Saturday, May 9, 2009

I will never be the same

Front entrance to Yad Vashem

Yesterday Tom and I were able to go to Yad Vashem Holocaust Memorial here in Jerusalem. Yad Vashem is the worldwide headquarters for holocaust research and documentation. I hesitate to even post about it because it is something you have to experience for yourself to really grasp. It's a huge campus of different buildings and monuments. The biggest part is a huge museum that took us a couple of hours to walk through. I was amazed at the things they had preserved. They had clothing that prisoners wore in concentration camps, piles of shoes, even half-burned photographs that were found in the pockets of those who were murdered. All throughout the museum they had videos of holocaust survivors, and pictures of those who didn't make it. It was heart wrenching to hear their stories. There was one survivor remembering back to a time where it got so bad that the other prisoners would kill themselves by grabbing the electric fences. He would try to do whatever he could to remind himself all day that he was a human and that he was alive. He remembers being slapped around one day by a soldier, and it made him happy because for that day, the pain made it easy to remember that he was a human and that he was in fact alive.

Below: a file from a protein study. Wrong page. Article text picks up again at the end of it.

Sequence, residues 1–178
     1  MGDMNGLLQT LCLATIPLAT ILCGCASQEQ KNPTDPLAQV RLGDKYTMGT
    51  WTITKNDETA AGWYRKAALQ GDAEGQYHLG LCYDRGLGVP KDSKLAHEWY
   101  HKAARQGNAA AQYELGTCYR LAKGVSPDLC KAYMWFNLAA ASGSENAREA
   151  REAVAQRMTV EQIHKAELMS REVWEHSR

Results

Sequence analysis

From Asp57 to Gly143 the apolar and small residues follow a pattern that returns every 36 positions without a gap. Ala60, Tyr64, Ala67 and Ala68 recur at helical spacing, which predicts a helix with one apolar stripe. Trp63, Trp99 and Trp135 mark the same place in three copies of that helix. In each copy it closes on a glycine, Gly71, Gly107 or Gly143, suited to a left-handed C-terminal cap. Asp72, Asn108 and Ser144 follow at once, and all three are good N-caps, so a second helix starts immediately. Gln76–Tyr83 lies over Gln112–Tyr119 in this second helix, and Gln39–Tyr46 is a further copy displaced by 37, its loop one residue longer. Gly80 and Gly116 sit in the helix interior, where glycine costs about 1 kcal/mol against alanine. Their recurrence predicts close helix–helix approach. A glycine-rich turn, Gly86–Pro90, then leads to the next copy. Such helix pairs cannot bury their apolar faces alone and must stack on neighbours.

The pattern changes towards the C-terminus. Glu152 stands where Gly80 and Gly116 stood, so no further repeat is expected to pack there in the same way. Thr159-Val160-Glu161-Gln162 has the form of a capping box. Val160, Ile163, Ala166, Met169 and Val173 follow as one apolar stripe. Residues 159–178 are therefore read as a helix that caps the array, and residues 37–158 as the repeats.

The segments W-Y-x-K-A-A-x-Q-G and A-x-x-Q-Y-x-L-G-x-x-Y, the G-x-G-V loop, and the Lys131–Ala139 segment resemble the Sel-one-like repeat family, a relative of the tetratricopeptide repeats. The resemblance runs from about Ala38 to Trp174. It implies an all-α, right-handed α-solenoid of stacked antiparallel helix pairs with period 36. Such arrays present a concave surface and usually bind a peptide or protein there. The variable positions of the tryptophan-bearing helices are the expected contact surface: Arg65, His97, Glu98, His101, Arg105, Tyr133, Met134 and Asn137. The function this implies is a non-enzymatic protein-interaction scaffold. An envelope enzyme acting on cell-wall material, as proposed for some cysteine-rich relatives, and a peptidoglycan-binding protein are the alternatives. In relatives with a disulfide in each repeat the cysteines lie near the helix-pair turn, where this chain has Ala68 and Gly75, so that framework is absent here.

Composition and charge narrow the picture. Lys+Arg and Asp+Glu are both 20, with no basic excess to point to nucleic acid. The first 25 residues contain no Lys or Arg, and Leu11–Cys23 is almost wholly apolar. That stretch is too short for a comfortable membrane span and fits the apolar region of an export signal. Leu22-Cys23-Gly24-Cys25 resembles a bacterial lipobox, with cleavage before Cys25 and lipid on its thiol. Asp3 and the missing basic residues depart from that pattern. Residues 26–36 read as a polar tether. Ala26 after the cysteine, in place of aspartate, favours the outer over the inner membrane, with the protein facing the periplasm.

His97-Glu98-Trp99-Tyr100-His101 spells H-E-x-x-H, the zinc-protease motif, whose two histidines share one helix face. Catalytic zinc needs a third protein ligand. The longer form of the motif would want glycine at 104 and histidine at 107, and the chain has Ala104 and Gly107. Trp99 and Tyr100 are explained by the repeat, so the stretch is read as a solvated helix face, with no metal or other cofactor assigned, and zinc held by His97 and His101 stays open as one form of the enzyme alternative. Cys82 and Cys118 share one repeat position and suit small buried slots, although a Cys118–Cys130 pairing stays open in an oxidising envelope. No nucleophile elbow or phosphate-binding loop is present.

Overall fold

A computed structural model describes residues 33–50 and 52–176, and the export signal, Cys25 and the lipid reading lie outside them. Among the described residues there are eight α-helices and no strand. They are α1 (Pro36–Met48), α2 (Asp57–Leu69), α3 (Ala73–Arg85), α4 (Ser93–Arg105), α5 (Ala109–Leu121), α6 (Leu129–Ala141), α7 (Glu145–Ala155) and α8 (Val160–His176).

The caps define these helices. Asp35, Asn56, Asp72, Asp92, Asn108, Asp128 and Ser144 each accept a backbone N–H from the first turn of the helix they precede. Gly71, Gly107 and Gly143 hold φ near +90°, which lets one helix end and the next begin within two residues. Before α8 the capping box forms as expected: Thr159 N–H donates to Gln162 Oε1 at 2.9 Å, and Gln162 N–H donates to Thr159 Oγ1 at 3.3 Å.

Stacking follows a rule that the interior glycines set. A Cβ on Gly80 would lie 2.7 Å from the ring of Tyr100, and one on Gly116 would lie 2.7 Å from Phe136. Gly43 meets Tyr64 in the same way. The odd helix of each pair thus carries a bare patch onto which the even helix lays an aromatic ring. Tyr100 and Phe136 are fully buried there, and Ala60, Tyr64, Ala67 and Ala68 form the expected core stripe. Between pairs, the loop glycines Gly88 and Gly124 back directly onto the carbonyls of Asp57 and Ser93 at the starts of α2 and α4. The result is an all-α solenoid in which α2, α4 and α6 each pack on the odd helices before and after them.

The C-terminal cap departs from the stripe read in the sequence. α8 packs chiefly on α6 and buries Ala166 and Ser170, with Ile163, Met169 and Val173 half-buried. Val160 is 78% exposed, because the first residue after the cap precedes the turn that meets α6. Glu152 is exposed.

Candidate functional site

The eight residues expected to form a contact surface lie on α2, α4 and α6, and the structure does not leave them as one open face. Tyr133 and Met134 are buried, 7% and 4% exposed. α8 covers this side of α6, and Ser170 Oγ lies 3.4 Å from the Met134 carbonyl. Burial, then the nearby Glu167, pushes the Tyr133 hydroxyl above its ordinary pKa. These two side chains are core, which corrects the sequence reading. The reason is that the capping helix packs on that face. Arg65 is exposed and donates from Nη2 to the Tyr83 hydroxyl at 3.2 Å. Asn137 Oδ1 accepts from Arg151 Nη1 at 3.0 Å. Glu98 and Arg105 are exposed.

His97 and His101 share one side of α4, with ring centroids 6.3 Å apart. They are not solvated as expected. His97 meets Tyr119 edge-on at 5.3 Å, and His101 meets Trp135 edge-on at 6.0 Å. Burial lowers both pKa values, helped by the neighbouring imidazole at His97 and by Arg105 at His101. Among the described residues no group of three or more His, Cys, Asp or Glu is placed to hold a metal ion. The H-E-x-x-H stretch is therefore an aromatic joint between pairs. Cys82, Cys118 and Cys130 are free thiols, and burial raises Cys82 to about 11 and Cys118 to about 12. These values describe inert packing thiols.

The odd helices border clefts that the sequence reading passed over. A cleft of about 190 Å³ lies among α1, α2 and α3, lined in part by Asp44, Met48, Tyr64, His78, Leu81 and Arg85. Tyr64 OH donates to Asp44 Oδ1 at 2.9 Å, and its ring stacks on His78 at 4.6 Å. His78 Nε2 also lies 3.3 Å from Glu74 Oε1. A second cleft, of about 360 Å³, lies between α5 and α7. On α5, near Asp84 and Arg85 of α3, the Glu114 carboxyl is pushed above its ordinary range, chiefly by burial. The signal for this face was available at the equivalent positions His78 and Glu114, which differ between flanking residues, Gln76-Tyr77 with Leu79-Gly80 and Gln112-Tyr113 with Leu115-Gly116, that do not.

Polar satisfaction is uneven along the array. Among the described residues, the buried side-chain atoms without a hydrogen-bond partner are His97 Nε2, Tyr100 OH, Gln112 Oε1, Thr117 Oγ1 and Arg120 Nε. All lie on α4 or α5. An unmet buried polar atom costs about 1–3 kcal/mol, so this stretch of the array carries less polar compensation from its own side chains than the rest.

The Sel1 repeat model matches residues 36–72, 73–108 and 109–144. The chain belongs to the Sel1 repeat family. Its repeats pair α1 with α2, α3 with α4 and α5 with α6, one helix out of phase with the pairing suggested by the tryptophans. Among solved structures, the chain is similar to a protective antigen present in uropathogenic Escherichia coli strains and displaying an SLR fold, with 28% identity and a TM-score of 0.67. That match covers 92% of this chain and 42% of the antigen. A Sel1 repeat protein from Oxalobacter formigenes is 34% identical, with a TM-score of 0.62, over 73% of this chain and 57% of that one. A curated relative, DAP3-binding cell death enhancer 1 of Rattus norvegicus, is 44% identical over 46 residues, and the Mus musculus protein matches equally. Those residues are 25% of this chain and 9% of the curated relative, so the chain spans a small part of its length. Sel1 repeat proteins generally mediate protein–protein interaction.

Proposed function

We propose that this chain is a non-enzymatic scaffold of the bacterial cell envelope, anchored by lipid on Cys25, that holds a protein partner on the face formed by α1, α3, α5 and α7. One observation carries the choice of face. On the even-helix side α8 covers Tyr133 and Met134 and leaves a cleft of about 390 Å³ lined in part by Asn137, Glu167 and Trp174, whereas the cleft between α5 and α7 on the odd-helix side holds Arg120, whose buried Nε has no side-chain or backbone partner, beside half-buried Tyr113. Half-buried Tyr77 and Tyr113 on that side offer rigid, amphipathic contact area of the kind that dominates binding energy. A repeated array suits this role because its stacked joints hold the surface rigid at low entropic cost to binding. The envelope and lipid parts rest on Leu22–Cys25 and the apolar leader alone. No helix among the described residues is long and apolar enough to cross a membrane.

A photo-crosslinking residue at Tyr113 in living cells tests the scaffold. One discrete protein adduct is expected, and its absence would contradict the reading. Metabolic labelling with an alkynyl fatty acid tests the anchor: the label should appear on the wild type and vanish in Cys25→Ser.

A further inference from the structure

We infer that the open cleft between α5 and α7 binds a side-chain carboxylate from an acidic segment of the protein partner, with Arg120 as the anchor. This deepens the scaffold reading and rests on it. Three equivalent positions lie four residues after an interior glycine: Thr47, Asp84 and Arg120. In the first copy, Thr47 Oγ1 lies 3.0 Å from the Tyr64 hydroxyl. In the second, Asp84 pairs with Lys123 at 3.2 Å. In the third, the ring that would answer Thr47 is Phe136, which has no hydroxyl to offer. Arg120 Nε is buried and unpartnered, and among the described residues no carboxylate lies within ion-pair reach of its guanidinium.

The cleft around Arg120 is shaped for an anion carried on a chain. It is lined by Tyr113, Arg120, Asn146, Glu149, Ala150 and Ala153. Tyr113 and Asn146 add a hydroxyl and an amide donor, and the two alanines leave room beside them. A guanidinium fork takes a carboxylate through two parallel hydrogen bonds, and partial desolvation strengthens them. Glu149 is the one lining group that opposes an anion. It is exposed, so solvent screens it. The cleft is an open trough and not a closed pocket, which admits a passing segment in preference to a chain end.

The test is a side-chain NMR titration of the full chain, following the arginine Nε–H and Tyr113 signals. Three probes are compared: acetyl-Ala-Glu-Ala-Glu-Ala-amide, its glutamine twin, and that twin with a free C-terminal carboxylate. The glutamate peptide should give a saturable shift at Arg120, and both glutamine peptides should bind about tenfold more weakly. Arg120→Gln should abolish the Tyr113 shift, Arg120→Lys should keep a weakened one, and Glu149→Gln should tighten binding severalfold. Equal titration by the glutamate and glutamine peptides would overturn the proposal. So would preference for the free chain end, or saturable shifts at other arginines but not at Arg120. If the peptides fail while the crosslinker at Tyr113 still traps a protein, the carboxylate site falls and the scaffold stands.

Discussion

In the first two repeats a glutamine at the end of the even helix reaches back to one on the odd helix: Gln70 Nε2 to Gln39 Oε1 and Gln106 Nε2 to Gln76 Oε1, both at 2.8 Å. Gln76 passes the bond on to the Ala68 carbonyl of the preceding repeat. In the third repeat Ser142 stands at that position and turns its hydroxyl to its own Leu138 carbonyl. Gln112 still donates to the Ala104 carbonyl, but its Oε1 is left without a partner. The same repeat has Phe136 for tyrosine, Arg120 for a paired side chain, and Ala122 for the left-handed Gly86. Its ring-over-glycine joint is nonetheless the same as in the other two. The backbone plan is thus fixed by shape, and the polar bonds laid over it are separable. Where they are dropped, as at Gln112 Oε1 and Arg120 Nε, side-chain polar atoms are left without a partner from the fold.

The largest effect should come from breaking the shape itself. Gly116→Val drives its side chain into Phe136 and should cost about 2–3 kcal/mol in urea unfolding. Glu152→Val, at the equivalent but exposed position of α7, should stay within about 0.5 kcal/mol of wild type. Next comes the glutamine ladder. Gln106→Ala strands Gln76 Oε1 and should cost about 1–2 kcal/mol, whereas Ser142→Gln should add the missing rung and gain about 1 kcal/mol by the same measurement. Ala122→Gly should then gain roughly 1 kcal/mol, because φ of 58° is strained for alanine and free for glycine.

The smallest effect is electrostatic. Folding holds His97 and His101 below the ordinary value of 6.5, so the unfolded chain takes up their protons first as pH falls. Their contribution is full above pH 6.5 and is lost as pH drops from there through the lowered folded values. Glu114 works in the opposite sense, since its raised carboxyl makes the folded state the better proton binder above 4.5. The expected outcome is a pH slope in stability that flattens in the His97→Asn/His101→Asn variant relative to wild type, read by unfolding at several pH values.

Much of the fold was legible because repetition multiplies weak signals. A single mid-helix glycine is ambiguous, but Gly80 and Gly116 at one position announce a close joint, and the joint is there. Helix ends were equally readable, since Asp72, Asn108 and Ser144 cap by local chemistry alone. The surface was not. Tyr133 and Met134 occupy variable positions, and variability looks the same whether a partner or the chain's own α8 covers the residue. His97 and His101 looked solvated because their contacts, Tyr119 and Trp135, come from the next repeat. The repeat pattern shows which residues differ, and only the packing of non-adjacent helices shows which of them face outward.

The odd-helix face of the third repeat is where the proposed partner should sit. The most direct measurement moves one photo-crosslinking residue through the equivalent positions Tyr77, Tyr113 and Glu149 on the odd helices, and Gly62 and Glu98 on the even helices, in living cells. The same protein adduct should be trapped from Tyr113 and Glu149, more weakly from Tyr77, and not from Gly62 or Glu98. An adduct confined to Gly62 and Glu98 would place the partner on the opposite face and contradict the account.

They don't allow you to take pictures inside the museum, but here is a quick virtual tour they provide on their website.

I can't explain what it did for me to read and listen to the stories of these people who suffered so much. I studied the holocaust many times in school, but this was..... different. Much more profound.

I know it's a negative subject, and maybe a little two heavy for my weird, quirky little blog, but I know this means a great deal to the people here. They don't want the Holocaust to ever be forgotten. And it shouldn't be. The experience of Jews and others of that time are unimaginable to me. It helps my love and understanding for the Jewish people grow so much.

The beautiful view as you come out the back end of the museum. The feeling I got as I came out and saw this view helped me get a little bit better understanding of why this place means so much to them. It's finally a place they can call home.

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